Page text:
It was not long before the Iraqi-Al Qaeda "smoking gun" document was reported around the world. America’s right-wing propaganda channel, Fox News, featured the "found" document on its lead story on its Fox Sunday News program. Fox anchorman Tony Snow asked the ethically-tainted Iraqi National Congress leader Ahmed Chalabi about the document. Chalabi responded, saying the document provided enough information that Saddam Hussein was knowledgeable about the September 11 attacks on the United States, a canard that has been rejected by intelligence agencies around the world. However, for those who forged or doctored the document it was mission accomplished.

To understand the process in disseminating such propaganda masked as news, it is important to understand the relationship between The Daily Telegraph and its parent company, the Hollinger Corporation, which is owned by British citizen and former Canadian, Conrad Black. Hollinger, like Rupert Murdoch’s News Corporation, is a mega-media company that spins right-wing propaganda around the world through 379 newspapers, including the Jerusalem Post. Tom Rose, the publisher of the Jerusalem Post, is a major supporter of Ariel Sharon’s Likud Party and is a favorite guest on the right-wing talk shows on Clear Channel radio stations, including that of G. Gordon Liddy of Watergate infamy. Clear Channel, headquartered in Dallas, is owned by close Bush supporters and one-time business partners. To add to the spider’s web, one of Rose’s Jerusalem Post directors is Richard Perle, a member of Donald Rumsfeld’s advisory board.

The "smoking gun" document on Galloway was further played up on Fox News Sunday. William Kristol, an ally of Perle and a dean of the neo-conservatives, and Fox’s Brit Hume, a right-wing ideologue who masquerades as a reporter, said the documents implicating Galloway in accepting money from Saddam Hussein was the "tip of the iceberg." They then suggested that French President Jacques Chirac, other Western politicians, and Arab journalists working for such networks as Al Jazeera, would soon be "outed" by further Iraqi intelligence documents. For good mesaure, Fox also announced that Galloway may have given classified satellite imagery to Al Qaeda. As is so often the case, the Fox News panelists provided no evidence for their slanderous claims.

Welcome to the new digital and satellite age McCarthyism. Phony documents are "dropped" into the hands of a right-wing London newspaper owned by Conrad Black. They are amplified by Black’s other holdings, including the Jerusalem Post and Chicago Sun-Times. The story is then picked up by the worldwide television outlets of News Corporation, Time Warner, Disney, and General Electric and echoed on the right-wing radio talk shows of Clear Channel and Viacom. Political careers are damaged or destroyed. There is no right of rebuttal for the accused. They are guilty as charged by a whipped up public that gets its information from the Orwellian telescreens of the corporate media.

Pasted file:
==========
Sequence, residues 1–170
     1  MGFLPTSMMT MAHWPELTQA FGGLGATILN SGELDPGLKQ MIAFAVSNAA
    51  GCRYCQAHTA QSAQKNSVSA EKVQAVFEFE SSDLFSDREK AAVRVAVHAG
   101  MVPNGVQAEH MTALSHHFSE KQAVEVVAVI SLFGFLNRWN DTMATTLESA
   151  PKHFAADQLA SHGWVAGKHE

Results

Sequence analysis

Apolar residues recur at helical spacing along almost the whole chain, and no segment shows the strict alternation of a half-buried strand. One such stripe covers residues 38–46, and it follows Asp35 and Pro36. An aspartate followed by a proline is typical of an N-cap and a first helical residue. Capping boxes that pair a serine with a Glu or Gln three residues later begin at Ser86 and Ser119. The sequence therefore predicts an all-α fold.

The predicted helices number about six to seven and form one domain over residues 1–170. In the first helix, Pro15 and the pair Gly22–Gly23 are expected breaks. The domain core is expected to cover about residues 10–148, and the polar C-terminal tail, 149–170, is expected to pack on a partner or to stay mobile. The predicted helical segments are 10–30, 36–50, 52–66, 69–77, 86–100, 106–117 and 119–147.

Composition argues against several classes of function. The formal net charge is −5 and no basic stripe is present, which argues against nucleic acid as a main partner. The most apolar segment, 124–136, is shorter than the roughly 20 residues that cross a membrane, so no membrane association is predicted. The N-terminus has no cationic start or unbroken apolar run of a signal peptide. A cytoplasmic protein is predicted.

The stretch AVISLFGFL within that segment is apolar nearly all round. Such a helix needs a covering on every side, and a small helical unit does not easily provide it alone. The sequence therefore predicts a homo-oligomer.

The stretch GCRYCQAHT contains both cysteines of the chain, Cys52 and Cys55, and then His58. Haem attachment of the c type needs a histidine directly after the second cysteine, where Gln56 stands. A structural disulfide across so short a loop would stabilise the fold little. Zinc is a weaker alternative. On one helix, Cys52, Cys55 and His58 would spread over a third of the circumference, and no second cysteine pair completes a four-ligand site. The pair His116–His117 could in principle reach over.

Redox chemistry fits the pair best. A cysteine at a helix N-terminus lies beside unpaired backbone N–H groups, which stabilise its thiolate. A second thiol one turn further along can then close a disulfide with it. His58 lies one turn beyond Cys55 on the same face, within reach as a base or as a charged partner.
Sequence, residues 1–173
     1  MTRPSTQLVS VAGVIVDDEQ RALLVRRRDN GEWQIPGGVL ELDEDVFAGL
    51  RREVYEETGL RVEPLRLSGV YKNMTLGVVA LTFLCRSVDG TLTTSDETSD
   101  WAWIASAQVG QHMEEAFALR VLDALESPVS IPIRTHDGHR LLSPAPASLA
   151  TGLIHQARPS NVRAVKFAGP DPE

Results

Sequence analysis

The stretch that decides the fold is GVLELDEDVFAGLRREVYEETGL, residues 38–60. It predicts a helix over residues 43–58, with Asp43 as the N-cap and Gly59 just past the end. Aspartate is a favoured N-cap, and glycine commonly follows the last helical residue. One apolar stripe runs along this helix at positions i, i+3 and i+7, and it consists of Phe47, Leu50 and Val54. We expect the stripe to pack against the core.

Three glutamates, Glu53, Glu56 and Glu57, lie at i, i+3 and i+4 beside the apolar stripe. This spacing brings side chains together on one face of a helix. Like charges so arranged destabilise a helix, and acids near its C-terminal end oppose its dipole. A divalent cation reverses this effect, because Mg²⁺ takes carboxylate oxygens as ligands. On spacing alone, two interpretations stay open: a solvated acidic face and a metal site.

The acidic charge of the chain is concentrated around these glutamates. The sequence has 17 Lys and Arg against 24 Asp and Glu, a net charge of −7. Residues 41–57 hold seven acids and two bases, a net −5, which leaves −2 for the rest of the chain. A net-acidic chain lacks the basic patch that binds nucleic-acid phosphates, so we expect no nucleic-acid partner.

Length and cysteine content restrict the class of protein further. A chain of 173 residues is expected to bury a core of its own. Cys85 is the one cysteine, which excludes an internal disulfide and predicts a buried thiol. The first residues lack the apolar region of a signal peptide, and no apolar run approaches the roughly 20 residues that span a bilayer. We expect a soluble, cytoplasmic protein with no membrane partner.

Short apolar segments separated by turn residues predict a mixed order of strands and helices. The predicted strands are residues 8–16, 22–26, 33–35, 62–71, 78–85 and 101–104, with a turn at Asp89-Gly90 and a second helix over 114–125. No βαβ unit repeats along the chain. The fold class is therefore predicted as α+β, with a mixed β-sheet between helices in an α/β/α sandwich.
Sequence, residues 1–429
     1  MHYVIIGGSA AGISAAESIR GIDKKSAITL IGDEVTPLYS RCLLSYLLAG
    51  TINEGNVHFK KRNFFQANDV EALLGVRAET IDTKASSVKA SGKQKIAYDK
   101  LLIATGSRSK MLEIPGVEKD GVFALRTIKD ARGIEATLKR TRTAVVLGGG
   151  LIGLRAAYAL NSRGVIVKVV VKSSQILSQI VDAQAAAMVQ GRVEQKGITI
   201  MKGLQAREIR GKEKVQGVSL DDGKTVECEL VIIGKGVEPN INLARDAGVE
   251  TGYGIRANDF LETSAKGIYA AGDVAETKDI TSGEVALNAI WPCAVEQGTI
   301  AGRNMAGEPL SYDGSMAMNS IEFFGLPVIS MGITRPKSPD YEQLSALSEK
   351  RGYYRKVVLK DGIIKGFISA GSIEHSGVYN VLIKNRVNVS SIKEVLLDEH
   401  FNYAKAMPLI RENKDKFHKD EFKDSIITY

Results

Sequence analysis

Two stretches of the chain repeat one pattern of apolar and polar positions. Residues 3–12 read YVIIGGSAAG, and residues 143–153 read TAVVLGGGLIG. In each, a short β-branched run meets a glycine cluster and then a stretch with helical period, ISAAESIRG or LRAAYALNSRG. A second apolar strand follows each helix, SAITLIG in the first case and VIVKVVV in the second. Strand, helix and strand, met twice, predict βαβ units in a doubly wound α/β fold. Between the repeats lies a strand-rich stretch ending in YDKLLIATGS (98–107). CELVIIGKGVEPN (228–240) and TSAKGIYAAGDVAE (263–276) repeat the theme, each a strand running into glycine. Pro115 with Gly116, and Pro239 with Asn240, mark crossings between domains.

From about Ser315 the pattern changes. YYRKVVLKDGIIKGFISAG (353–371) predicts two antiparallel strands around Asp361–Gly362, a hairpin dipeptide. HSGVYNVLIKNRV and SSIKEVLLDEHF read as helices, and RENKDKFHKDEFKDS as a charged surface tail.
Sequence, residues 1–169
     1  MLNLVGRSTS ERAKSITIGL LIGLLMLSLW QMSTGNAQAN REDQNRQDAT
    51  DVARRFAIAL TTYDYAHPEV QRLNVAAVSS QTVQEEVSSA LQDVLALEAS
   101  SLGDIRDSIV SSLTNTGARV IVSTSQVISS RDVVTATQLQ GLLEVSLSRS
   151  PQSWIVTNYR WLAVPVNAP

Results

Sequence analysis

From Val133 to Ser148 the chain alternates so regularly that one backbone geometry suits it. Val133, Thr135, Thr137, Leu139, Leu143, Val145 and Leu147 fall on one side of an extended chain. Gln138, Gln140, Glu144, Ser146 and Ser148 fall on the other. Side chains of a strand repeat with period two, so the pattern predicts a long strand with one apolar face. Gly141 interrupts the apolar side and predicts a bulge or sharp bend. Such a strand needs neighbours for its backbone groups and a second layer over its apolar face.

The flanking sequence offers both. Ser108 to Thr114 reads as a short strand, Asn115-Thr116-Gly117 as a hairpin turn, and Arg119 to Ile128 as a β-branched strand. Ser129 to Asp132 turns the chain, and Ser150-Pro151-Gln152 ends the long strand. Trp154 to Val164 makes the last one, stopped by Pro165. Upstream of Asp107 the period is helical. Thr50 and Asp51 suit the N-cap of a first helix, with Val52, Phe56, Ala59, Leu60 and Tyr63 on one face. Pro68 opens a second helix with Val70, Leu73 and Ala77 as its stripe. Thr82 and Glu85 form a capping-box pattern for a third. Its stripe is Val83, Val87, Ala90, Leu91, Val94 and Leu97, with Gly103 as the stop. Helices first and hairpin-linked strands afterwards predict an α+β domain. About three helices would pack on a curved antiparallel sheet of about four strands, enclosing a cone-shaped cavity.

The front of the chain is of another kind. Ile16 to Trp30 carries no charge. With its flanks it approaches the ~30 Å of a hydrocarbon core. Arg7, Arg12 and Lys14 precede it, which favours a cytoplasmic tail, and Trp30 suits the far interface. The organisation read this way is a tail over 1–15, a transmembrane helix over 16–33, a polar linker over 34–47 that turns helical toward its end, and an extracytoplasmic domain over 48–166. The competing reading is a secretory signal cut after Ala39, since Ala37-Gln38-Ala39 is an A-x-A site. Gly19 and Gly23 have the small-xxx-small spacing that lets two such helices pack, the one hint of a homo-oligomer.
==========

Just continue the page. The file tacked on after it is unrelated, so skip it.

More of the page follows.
The media operating in concert with political vermin to whip up popular opinion to stamp out criticism is nothing new. It was practiced by Joseph Goebbels quite effectively in Nazi Germany. It was a British-born actor named Peter Finch who so eloquently and prophetically warned us about the sorry state of today’s media. In Paddy Chayefsky’s excellent movie, "Network," Finch plays UBS TV news anchormen Howard Beale. When UBS’s entertainment division decides to fire Beale because of low ratings, he begins to rant and rave on the air. He is then given his own television entertainment show, "The Mad Prophet of the Airwaves." The most famous scene in the movie is when Beale exhorts his viewers to go their windows and yell, "I’m mad as hell, and I’m not going to take it anymore." We should all be mad as hell about the propaganda in the newspapers and on the airwaves; George Bush and Tony Blair; Rupert Murdoch and Conrad Black; Clear Channel and Viacom; the neo-conservative think tank bottom feeders; Rumsfeld and his circle of Pentagon ghouls such as Perle, Paul Wolfowitz, and Newt Gingrich; and the religious fundamentalists who give aid and succor to America’s war machine. To paraphrase Howard Beale, "We should not take them anymore!"

WAYNE MADSEN is a Washington, DC-based investigative journalist and columnist. He wrote the introduction to Forbidden Truth.

Madsen can be reached at: WMadsen777@aol.com